It has to be The State of Things, followed very, very closely by Kings of the Road.

28) Elizabeth Pena or Penelope Cruz?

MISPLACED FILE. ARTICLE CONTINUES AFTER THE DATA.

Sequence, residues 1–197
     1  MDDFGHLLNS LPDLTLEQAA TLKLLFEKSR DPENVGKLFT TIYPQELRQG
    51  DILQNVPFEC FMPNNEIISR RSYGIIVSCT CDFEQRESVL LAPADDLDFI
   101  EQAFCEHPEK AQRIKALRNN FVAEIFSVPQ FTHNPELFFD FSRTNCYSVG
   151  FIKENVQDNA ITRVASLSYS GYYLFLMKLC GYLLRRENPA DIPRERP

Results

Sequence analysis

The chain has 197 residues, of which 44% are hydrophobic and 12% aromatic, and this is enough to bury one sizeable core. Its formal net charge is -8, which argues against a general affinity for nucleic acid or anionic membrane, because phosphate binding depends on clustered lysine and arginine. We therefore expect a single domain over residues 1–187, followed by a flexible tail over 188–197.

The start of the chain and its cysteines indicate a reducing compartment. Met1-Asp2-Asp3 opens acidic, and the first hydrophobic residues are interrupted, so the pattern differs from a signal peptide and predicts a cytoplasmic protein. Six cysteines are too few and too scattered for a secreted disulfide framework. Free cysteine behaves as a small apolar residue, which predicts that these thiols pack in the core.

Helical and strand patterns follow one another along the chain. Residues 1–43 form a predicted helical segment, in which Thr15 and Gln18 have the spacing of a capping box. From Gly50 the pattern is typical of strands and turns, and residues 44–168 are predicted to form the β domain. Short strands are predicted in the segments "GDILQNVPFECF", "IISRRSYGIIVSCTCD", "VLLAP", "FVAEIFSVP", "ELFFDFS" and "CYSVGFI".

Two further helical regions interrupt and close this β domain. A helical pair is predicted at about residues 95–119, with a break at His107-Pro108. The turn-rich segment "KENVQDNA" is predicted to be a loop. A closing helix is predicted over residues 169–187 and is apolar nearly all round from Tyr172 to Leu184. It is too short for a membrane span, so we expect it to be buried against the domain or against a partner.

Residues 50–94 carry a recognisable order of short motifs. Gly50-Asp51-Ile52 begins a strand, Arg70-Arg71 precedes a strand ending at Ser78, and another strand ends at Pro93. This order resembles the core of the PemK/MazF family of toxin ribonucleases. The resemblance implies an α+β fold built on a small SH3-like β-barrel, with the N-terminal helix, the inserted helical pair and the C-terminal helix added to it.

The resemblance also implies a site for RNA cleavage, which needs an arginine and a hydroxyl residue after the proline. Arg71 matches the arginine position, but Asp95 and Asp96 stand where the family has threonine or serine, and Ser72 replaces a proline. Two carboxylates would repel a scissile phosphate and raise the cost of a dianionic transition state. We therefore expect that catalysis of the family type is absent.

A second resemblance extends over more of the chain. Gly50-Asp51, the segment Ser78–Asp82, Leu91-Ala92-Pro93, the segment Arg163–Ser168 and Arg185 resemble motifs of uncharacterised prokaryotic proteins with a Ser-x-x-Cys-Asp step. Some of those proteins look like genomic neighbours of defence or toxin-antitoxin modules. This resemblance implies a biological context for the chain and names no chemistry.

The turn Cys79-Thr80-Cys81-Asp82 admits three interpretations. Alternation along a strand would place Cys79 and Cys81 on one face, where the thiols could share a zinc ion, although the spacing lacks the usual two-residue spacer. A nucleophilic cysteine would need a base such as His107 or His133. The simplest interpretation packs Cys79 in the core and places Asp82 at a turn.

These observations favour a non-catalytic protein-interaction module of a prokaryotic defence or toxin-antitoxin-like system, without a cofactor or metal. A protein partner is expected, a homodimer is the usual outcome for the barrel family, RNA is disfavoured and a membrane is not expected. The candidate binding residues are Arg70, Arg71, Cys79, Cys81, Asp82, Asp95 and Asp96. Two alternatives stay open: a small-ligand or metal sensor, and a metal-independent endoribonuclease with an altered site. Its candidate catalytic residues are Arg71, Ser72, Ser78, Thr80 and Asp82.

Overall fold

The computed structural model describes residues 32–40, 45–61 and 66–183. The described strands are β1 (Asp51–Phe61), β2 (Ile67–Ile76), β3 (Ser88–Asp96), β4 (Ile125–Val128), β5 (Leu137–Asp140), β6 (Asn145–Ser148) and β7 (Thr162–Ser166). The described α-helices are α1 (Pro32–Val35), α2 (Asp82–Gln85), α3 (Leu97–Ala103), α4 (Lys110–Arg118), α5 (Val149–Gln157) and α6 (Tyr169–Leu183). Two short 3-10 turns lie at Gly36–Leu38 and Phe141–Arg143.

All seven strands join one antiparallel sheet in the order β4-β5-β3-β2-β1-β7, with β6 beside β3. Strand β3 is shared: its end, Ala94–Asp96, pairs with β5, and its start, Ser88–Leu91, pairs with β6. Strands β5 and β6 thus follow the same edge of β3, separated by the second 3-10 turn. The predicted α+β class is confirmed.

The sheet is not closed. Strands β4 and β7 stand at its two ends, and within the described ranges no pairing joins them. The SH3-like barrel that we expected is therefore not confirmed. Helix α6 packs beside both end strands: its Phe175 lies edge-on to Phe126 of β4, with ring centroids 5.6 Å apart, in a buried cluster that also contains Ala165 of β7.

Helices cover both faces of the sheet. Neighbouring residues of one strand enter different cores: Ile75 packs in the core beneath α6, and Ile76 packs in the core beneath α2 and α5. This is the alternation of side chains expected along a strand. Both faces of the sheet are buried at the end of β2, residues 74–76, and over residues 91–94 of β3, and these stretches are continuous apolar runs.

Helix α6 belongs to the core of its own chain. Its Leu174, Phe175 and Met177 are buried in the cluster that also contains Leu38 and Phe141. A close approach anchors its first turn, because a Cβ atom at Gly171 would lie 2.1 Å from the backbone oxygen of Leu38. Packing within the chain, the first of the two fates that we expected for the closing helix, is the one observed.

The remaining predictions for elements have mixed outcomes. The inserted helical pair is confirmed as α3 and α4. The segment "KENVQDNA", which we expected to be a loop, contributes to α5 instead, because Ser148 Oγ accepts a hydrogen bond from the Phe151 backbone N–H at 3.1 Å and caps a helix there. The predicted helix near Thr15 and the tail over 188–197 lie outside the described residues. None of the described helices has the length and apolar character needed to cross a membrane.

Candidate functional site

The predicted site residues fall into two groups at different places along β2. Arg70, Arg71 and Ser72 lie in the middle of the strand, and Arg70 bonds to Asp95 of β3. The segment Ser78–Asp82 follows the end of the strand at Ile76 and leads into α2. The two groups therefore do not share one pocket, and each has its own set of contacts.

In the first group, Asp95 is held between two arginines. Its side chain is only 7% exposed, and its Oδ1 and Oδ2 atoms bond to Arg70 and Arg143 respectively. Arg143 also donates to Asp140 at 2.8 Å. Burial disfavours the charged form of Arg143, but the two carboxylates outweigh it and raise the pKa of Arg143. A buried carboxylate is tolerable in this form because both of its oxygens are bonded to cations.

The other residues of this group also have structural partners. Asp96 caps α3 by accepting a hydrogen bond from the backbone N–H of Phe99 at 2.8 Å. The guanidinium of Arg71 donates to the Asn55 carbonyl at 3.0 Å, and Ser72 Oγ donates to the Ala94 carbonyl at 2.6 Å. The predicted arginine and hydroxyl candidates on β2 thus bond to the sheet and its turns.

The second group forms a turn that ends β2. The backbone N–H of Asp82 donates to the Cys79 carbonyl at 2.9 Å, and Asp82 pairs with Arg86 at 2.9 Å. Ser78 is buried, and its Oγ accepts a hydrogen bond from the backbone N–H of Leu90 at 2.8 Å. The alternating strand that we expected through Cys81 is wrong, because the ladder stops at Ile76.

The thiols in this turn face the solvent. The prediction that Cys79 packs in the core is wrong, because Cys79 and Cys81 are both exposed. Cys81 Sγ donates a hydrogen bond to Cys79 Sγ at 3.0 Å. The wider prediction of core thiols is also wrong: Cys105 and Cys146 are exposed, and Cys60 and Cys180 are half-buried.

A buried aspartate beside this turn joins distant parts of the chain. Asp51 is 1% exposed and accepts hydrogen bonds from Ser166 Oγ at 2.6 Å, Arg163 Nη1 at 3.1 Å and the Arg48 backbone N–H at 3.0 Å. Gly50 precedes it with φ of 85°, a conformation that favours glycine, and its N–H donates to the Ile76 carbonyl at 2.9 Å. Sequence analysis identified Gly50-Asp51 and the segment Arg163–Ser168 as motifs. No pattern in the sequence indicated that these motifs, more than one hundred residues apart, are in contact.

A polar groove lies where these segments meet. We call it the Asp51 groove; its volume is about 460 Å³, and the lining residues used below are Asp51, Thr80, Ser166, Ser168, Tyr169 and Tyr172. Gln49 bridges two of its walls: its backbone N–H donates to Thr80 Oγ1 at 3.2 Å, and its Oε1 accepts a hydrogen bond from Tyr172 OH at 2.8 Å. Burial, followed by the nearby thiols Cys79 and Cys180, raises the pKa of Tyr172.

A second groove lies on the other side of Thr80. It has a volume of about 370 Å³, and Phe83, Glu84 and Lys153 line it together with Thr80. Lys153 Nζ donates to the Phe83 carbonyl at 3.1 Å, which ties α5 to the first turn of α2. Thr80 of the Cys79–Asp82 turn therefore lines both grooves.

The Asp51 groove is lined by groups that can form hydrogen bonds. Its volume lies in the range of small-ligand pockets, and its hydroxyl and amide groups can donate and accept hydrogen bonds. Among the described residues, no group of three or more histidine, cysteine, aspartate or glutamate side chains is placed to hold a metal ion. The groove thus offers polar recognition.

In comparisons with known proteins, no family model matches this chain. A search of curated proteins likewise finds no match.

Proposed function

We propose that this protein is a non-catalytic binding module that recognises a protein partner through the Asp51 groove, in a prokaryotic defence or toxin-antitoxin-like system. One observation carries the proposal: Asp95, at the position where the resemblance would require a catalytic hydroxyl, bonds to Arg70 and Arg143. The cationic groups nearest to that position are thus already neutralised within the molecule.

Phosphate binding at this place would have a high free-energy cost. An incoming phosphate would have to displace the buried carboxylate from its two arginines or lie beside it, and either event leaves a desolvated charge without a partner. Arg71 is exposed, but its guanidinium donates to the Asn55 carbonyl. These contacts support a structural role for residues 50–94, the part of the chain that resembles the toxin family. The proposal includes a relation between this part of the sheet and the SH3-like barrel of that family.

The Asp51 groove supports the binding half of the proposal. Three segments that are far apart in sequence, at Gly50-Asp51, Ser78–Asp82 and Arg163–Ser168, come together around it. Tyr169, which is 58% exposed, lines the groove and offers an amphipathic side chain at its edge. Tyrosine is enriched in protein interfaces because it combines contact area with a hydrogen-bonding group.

In Volver Penelope Cruz was captivating beyond my every expectation, erasing the horror, if only for two hours, of her appearances in movies like Blow and Gothika. (And I must admit a prurient interest in seeing Bandidas.) But this isn’t even a real contest. From the first time I saw Elizabeth Pena, as a maid, sultry and smoking while sitting in an upstairs window sill awaiting the arrival of her lover (and employer) Richard Dreyfuss in Down and Out in Beverly Hills, I knew I’d discovered a talented screen beauty I’d follow anywhere. Not surprisingly, she’s never had as many great parts as she deserves, and she’s been in a lot of forgettable stuff-- Jacob’s Ladder, Batteries Not Included, Vibes. But she was funny in La Bamba, riveting in Lone Star, indescribably sexy and sharp in Shannon’s Deal (both for John Sayles) and flat-out great in Joe Dante’s The Second Civil War, and it was a genuine thrill to hear her sultry voice coming out of the mouth of Mirage, the villainous sidekick from The Incredibles. I even liked her in the sitcom dud I Married Dora! My wife and I were eating in a modest little sushi restaurant at the corner of Fountain and Sunset in Hollywood about 10 years ago when Pena and a man I assumed to be her husband walked in and sat down near us. I was so star-struck at that moment I never did manage to gather enough reserve to interrupt her dinner and say something. I regret that, and at the same time I’m glad I didn’t too. For me, just seeing Pena on screen is plenty wonderful enough, and I look forward to those rare moments when the movies give her something to do that is worthy of her exciting talent and exceptional screen presence.